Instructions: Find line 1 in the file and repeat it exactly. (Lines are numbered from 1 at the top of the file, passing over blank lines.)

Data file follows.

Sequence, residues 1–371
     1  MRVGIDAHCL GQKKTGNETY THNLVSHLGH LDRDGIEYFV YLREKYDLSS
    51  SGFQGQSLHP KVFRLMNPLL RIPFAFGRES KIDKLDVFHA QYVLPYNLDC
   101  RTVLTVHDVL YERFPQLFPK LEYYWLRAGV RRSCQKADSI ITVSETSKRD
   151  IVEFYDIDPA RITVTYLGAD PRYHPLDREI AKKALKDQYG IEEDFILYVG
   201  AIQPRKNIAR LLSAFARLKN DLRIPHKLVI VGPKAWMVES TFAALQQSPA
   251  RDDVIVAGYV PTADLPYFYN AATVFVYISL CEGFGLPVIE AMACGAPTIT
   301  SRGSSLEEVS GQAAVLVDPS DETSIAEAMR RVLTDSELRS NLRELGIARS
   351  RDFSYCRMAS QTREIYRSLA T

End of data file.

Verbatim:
Sequence, residues 1–371